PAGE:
UK - The Royal Borough of Windsor and Maidenhead (RBWM) has completed the first longevity hedging deal for a local government pension scheme (LGPS).
The council confirmed it has entered into a longevity hedging insurance contract with Swiss Re following a 12-month negotiation process. Under the terms of the arrangement, the longevity risk of 11,000 pensioners - as of 31 July 2009 - of the Royal County of Berkshire Pension Fund will now be borne by the insurer until the last individual dies.
Councillor John Lenton, chairman of the Berkshire Pension Fund Panel and Berkshire Pension Fund Advisory Panel, said average life expectancy increases by at least one year every five years and the panels had "become increasingly concerned at the consequent cost to the pension fund." (See earlier IPE article: Berkshire plans to hedge longevity)
He added the fund had been "seeking a means of meeting this growing cost" for more than a year, and the preferred solution was found in the life insurance industry. As a result, both pension fund panels approved the insurance contract on 11 November 2009.
Lenton explained: "The contractual arrangements are that the pension fund makes approximately the same payments as if there was no change from longevity assumptions used in the 2007 triennial valuation." The actuarial valuation of the pensioner liabilities covered by the contract was £750m (€837m) in 2007, equivalent to around 43% of the fund's total liabilities.
In return, he confirmed, Swiss Re would bear any future positive or negative change caused by longevity, which means the scheme is "effectively outsourcing to Swiss Re the financial risk of pensioners living longer than anticipated."
That said, the pension fund retains legal ownership of its assets and complete control over the investment strategy.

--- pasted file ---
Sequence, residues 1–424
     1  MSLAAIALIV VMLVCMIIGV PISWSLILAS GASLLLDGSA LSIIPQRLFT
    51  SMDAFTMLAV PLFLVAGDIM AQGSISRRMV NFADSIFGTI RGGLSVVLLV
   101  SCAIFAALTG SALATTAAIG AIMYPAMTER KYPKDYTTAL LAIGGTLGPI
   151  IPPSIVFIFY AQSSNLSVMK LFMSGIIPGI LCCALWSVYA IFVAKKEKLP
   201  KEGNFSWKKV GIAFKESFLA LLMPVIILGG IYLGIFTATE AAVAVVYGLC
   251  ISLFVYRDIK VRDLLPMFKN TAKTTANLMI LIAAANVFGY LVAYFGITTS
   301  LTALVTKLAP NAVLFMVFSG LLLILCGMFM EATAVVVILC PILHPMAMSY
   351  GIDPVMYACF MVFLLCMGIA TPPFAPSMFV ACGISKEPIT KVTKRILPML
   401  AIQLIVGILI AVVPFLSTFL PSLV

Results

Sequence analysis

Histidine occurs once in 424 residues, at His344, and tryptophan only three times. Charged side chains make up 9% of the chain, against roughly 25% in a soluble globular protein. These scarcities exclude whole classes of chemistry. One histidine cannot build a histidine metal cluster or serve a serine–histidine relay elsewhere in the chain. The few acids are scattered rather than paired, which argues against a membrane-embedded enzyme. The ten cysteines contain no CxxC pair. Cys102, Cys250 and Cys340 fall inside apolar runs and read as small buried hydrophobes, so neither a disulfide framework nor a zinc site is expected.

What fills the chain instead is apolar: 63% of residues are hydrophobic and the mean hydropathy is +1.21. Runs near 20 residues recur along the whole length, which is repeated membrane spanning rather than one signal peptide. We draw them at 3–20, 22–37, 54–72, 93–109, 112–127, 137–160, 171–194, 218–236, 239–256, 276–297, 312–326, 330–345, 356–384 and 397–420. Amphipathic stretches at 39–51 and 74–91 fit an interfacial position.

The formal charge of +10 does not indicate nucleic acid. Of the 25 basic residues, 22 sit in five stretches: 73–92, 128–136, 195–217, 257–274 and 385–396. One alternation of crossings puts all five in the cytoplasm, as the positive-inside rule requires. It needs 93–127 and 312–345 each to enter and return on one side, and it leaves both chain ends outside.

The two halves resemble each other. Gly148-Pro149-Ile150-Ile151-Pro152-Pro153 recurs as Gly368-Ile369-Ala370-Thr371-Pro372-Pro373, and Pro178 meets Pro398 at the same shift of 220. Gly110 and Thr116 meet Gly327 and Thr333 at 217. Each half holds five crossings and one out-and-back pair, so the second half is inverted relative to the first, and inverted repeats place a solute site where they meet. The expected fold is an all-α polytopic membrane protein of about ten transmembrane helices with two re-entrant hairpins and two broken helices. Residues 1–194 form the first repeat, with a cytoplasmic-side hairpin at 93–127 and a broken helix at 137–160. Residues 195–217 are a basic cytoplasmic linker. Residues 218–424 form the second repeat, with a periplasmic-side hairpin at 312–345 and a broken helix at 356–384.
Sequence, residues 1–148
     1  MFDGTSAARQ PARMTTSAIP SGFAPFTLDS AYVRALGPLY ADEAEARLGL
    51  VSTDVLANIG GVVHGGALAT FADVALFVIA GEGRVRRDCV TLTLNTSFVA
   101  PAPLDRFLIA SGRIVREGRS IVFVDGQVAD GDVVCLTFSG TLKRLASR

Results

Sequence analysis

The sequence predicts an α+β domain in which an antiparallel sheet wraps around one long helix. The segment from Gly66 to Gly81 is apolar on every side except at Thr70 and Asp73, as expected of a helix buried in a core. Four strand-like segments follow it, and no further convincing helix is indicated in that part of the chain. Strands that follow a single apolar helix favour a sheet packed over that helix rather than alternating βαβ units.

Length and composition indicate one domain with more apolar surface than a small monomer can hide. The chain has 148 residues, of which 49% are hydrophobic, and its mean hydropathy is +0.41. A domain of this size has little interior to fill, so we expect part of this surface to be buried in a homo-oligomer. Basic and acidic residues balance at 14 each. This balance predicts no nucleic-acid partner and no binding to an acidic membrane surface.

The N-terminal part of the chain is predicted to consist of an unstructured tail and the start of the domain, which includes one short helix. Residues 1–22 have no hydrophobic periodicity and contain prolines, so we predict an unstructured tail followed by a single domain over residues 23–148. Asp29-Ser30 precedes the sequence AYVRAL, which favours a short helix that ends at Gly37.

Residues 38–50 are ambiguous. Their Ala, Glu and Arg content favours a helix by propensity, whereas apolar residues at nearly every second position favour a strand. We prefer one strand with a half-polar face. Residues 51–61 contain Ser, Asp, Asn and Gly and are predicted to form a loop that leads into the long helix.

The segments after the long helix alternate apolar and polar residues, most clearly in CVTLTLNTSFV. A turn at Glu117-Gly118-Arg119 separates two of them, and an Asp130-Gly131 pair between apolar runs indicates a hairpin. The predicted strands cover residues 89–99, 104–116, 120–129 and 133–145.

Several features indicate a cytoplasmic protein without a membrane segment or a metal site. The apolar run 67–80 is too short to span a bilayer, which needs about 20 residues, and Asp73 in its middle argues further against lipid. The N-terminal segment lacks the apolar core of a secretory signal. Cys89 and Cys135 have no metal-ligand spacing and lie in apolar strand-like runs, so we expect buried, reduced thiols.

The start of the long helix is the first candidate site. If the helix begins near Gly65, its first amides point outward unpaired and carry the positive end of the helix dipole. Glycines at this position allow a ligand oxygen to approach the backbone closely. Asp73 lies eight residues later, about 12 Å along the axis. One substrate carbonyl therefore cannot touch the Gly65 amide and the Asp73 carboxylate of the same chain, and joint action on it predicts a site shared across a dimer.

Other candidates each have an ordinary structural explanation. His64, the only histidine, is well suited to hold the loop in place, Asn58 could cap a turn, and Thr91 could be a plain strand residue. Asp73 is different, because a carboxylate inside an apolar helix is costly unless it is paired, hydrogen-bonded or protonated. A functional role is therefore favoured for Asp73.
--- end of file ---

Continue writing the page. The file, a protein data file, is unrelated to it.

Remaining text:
Nick Greenwood, pension fund manager at RBWM, confirmed the council had looked at other options, such as swaps, to deal with the longevity issue but said it had "rejected them on the grounds of complexity, issues over collateral and counterparty risk".
Longevity hedging for pension funds is a relatively new market, and only Babcock and Royal & Sun Alliance have previously completed deals for their defined benefit (DB) schemes, although RBWM admitted other local authorities may follow it down this route.
The council declined to comment on whether any other insurers were considered in the process but added that "analysis of the terms and the impact on technical provisions" meant it was satisfied it achieved a good deal on the price. (See earlier IPE articles: Babcock edges closer to completing longevity deals; Unusual market conditions sparked RSA longevity deal and Babcock confirms longevity deal with Credit Suisse)
Greenwood noted the contract is in place until the last pensioner or dependent dies, excluding children, but confirmed it will not cover new tranches of pensioners. However, he admitted "in time we might consider insuring them if the price was right".
In the meantime, officials will consider the possible options available for tackling the longevity risk associated with deferred and active members "next year", to see whether the pension fund can achieve similar deals on "acceptable terms", when assessing the expected benefit against the possible cost.
Christian Mumenthaler, head of life and health at Swiss Re, said: "We are very proud to announce this innovative transaction, because it is not only Swiss re's first longevity protection written for a pension fund, but the first pure longevity risk transfer written for any governmental body worldwide."
The council received legal advice on the deal from Osborne Clarke and actuarial advice from Barnett Waddingham.
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